Mercado turns its back on FedEx; weigh low profits and worrying projection

  • FDX shares tumbled last week after offering downward guidance for its fiscal first quarter

  • Earnings cut alone casts doubt on value, but that’s not the biggest risk

  • The turn in sentiment in a matter of weeks should raise real concern

For starters, I was wrong about FedEx Corporation (NYSE:). In early July, I thought FDX stock was an intriguing game.

In my defense, I also pointed out that it was a risky move. And in that respect, he was right. FDX shares plunged last week. Friday’s 21% drop was the biggest move lower for stocks. Deutsche Bank called the report “the weakest set of results we’ve seen relative to expectations in our ~20 years of analyzing companies.”

Crucially, the decline doesn’t necessarily seem like an overreaction. FedEx’s estimate for first-quarter earnings of $3.44 was a third lower than the analyst consensus of $5.14. FedEx also withdrew its forecasts for the full fiscal year.

In this context, a decrease of 21% seems reasonable. Earnings this year could be 20% or more below expectations, implying a new lower growth base.


But it’s not just the fundamentals that are a problem here. FedEx has long had management and execution problems. As of early July, FDX shares had gained 3% overall over five years. Shares of United Parcel Service (NYSE:) rose 67% in the same period.

FedEx’s acquisition of TNT Express (OTC:) in Europe ran into trouble, and the decision not to partner with (NASDAQ:) in North America caused it to lose market share.

Investors bullish on FDX stock this summer – again, myself included – believed the company’s execution would improve. The arrival of activist investor DE Shaw bolstered those hopes.

But the ugly figures for the first quarter suggest that this is FedEx business as usual. If that’s the case, FDX stocks aren’t cheap enough.

June versus September

There is great cause for concern in the figures for the first quarter. At the end of June, FedEx held its investor meeting. The previous week, FedEx had given strong guidance for fiscal year 2023 (the same guidance that was withdrawn last week). And at the meeting, FedEx management was wildly upbeat.

FedEx was forecasting annual adjusted earnings per share growth of 14-19% through fiscal 2025. And while analysts were somewhat skeptical of these targets, there was a real sense that if FedEx could come close to its targets, stocks would have a huge run to the upside. In fact, at the time, Wall Street’s median price target was approaching $300.

What happened in the first trimester?

What’s unbelievable and troubling about the first quarter flop is that when FedEx management had a rosy three-year outlook, the company was already four weeks into its disastrous quarter.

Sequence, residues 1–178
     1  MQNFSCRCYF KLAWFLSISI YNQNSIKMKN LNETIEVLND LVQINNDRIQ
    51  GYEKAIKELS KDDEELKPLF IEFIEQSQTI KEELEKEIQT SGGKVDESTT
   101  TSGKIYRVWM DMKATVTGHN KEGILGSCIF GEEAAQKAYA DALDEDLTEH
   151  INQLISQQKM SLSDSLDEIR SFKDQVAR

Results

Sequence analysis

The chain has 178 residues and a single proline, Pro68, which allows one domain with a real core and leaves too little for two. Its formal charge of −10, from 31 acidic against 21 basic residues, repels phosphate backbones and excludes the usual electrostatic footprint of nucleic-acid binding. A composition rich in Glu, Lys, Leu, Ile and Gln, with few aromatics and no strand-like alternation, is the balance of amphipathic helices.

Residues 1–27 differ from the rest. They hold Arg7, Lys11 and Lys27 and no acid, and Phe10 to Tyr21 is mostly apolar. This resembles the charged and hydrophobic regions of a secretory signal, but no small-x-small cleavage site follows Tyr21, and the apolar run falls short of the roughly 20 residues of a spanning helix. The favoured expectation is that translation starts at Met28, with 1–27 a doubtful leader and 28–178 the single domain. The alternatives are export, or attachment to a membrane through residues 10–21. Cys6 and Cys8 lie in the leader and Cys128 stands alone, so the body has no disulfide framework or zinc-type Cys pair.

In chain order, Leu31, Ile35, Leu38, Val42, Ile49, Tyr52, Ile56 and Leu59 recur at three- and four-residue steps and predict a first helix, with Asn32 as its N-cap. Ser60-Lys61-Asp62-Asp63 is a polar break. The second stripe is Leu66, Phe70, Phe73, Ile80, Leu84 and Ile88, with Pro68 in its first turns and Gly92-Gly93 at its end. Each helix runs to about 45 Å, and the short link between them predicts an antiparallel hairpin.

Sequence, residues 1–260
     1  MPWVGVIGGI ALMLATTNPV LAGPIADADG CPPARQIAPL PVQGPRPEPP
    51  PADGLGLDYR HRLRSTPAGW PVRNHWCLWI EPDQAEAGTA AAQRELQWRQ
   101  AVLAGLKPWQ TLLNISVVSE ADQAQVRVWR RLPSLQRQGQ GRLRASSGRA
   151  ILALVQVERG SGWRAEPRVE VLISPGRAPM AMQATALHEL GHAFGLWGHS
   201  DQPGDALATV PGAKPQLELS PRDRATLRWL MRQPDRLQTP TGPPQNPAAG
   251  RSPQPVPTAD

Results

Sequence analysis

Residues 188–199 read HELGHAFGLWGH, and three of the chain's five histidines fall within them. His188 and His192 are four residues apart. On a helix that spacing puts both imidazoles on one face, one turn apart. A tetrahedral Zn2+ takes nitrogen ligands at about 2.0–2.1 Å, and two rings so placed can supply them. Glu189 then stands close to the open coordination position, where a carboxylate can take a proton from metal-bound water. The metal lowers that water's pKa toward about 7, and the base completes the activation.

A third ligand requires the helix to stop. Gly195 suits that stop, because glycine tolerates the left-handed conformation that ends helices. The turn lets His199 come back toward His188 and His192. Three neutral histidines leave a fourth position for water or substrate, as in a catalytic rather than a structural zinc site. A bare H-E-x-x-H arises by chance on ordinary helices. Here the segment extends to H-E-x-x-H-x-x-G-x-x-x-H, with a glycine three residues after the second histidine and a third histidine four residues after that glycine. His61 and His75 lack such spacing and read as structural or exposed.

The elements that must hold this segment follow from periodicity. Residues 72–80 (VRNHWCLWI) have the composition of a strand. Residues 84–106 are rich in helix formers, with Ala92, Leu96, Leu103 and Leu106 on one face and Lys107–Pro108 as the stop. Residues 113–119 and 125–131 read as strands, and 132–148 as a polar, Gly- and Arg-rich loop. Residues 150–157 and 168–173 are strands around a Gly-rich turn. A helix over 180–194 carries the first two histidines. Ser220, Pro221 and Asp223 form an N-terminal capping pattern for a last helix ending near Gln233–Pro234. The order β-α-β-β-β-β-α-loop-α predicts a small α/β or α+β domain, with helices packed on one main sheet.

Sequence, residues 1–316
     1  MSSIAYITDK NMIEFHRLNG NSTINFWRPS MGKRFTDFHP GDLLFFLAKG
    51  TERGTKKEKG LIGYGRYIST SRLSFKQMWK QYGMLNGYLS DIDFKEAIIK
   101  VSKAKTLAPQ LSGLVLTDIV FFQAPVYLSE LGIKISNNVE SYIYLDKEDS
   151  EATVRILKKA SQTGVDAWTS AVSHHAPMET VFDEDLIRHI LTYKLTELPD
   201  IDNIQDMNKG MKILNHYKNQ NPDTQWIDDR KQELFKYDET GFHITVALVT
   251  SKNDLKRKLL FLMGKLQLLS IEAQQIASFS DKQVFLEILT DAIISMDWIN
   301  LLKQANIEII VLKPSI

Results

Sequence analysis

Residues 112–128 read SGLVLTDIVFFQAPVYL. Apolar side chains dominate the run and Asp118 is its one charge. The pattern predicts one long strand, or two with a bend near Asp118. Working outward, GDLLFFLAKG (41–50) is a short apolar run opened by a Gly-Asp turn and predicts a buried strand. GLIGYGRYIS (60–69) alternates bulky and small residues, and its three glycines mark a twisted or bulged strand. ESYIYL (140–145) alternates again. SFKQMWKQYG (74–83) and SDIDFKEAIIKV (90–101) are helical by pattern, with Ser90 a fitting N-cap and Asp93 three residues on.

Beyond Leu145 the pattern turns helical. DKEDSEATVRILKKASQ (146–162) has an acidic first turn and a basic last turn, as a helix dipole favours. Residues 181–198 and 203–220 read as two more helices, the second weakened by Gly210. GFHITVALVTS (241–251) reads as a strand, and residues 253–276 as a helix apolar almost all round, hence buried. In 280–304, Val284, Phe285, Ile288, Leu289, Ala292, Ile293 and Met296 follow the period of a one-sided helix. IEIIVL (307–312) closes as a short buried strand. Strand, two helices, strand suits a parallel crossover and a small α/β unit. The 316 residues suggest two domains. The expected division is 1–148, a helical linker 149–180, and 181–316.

First quarter results as a whole fell well short of both company and analyst expectations. But the huge loss – again, one that one analyst called the market’s worst in two decades – was apparently driven entirely by the performance of the last nine weeks of the quarter.

The only other explanation is that FedEx management at the time of the investor meeting did not really understand what was going on with their business. That’s probably not entirely true — a company like FedEx knows what its revenue is every day — but the executives certainly weren’t aware of the situation.

Crucially, then, we know that FedEx’s business absolutely tanked in the last two months of the quarter. And we know that a company with longstanding management problems did not see that collapse coming at all.

On June 29, executives were giving a multi-year outlook that may well have led the stock to double. The shares are down 32% since then. It is now down 25% in the last five years; UPS is up 54%.

Are FDX Stocks Cheap?

In this context, it’s hard to get excited about FDX. If first quarter EPS were to hold for the rest of the year, full year adjusted EPS would be below $14, suggesting an earnings multiple of about 12 times, which is not out of line. relative to the stock’s multi-year range.

FedEx has cost cuts on the way that could presumably help profits in 2023. Still, the stock looks possibly fundamentally cheap, but it’s not a bargain.

In fact, the fundamental profile here is essentially the same as it has been for years. FedEx has been committed to improving execution, expanding profit margins and stabilizing revenue growth.

That’s what FedEx promised at the end of June. But as has happened so many times in recent years, the promise has been broken.

Disclaimer: At the time of this writing, Vince Martin has no positions in any of the listed stocks.

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